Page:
If you were looking at the price of a 2019 BMW i8 in the UK, a base spec coupe now costs £114,935. Whilst the BMW i8 Roadster price starts from £126,935.

Looking through the supercar classifieds today, you can find a used BMW i8 for sale for around the £43,000 – £45,000 mark. In this price range you will almost certainly be looking at a higher mileage example. However, this does yield over 50% depreciation on the original list price of £100,000. In just about 4 years that is rather steep… Meaning a good deal for a buyer. Not so good if you purchased new and are looking to sell.

BMW i8 Charging Point
Photo courtesy of 3D Car Shows ©

How much does it cost to run a BMW i8?

Let’s move on to looking at how much it costs to run a BMW i8. We filled up the its 36 litre tank completely and it cost us just over £45. And for that much money we achieved around 280 miles for a complete tank, with a little bit of town driving, motorway cruises and electric only driving. Meaning we got just over 35mpg. So far, so good.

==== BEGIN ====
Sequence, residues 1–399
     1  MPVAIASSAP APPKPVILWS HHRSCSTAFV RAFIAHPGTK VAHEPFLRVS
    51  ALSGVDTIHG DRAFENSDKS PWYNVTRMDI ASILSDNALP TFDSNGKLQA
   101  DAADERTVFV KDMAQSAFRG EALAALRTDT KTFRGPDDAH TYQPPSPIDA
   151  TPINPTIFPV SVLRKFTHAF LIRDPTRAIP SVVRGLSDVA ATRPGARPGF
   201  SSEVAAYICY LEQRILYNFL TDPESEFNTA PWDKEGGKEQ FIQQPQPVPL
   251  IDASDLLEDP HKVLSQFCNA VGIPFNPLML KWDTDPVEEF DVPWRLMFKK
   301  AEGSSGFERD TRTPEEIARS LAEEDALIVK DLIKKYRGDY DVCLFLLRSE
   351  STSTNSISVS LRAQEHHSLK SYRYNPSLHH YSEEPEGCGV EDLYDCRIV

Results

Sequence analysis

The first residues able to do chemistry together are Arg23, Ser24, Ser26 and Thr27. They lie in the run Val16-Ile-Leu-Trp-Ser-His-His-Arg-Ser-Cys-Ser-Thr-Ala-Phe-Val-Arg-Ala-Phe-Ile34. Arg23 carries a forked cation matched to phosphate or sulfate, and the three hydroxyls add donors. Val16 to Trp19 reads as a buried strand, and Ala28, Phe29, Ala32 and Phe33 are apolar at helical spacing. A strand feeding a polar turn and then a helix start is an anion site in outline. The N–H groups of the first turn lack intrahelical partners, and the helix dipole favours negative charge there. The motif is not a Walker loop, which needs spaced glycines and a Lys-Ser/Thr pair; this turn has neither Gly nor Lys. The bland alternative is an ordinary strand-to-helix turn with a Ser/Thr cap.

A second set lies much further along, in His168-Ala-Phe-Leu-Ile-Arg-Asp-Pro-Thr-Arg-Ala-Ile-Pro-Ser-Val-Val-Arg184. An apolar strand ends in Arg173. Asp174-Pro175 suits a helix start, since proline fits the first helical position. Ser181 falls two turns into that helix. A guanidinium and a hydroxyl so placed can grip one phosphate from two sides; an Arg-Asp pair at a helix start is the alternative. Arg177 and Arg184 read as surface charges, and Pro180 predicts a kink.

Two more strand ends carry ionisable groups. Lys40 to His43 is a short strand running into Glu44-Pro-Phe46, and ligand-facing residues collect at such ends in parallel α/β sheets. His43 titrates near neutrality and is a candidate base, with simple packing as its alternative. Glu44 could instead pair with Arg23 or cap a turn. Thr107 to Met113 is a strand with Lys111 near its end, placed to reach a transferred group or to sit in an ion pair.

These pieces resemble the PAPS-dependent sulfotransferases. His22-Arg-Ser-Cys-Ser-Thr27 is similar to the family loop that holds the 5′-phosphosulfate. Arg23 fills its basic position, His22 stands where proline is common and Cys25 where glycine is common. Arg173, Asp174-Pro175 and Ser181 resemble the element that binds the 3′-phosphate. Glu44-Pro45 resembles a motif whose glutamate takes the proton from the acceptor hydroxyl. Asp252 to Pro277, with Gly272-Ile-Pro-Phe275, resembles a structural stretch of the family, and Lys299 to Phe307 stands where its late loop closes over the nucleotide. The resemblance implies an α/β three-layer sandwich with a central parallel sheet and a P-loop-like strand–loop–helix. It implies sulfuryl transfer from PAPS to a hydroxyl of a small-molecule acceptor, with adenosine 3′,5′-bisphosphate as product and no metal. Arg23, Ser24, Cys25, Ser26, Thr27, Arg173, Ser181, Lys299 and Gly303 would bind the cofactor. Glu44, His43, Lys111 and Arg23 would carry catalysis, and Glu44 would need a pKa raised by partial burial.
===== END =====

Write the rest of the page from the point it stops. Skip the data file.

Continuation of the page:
Although 35mpg is quite a way off of BMW’s official figure of 149mpg. That official mpg figure is plainly unachievable, and one that we don’t think anybody could match.

The power-plant in this car is made up of a small turbocharged 1.5-litre engine with only 3 cylinders producing 220bhp. This is paired with a small electric motor position over the front axel powering the front wheels. When the combustion engine and electric motor are working in unison, they put out a tidy 370 horsepower.

That doesn’t sound a lot for a true supercar, and in truth it isn’t. But the i8 is a new generation of supercar, sporting very new technology. It is still enough power to get the car from 0-60mph in just 4.4 seconds.

As well as the reasonably comfortable fuel costs when compared to other supercars. There are many other perks of owning the supercar of the future.